An Exceptional Fossil Insect

Cockroaches are known for surviving multiple extinction events on Earth. They evolved around the Carboniferous Period (360-300 million years ago) and modern versions appear in the fossil record in the middle of the Mesozoic Era.

A Madagascar hissing cockroach. From National Geographic Kids.

Now imagine if a cockroach evolved long, grasping arms, and giant eyes for hunting prey. That’s pretty terrifying, right? Well, that’s basically what a praying mantis is*.

A praying mantis. If you think about it, a praying mantis is really the insect form of a carnivorous giraffe. A carnivorous giraffe with knife hands. Photo from Wikipedia.

Today, praying mantises hunt prey by ambushing animals as they come close. Mantises are normally camouflaged to blend in with their surroundings. When a particularly tasty insect comes by, they attack! They have a single pair of arms they use for catching and holding prey (called raptorial arms). Each arm has a set of spikes that help hold the prey in place. But did they always use one pair of arms for this job?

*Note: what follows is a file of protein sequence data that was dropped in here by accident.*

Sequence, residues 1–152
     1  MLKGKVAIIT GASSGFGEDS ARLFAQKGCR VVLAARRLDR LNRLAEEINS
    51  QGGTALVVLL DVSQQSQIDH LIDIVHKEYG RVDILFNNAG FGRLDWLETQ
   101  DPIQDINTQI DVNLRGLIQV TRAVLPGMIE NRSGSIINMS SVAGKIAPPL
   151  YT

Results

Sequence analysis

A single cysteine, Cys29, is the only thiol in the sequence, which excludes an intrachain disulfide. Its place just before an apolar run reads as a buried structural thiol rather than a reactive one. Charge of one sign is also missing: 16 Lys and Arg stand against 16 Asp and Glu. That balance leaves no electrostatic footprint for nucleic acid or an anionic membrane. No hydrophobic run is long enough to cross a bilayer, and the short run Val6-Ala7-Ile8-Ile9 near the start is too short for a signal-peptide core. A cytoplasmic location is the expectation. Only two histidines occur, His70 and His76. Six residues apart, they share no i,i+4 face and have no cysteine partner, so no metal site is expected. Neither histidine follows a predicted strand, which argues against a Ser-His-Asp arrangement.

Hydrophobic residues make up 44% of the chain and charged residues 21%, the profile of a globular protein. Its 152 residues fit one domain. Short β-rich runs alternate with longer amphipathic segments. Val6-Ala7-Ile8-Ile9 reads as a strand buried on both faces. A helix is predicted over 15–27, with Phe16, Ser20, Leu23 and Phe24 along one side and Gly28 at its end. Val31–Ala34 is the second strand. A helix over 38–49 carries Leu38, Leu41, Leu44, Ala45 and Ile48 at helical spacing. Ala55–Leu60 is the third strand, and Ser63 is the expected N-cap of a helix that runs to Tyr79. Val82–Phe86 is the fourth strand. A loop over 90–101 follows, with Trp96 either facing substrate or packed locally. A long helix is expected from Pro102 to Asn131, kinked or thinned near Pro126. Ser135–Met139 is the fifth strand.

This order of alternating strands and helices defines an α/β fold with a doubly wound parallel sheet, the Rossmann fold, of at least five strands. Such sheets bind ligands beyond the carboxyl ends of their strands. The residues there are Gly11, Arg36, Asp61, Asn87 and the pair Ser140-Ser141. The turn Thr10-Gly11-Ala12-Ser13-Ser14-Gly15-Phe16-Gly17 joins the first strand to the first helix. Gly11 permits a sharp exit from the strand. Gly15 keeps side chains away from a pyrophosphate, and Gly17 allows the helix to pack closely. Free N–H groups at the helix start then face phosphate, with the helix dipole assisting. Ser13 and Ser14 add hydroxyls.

Figure 1 from the article showing the fossil in the center. On the left, the different body parts are colored (eyes are dark blue, head is yellow, body and arms are the other colors). On the right is a close up of the second set of arms.

A new 110 million-ear-old [fossil] from Brazil shows us a different idea. This exceptionally preserved mantis shows a pair of wings, the head, part of the first body segment, and the first two pairs of arms.

The interesting thing is that both the first and the second pairs of arms have spikes on them. Since these spikes are used to catch and hold prey in modern mantises, we know that this fossil mantis was probably using its second pair of arms to help hold prey. This fossil shows us that extinct mantises may have hunted a little differently than what we see today.

A couple of praying mantis showing their colors. Photo by I. Siwanowicz.

*To be clear, mantises did not evolve from cockroaches. Both mantises and cockroaches evolved from an ancestor that looked more like a cockroach.

One Response to An Exceptional Fossil Insect

  1. Pingback: #SVP2017 Edition: Fossil Friday Roundup: August 25, 2017 | PLOS Blogs Network

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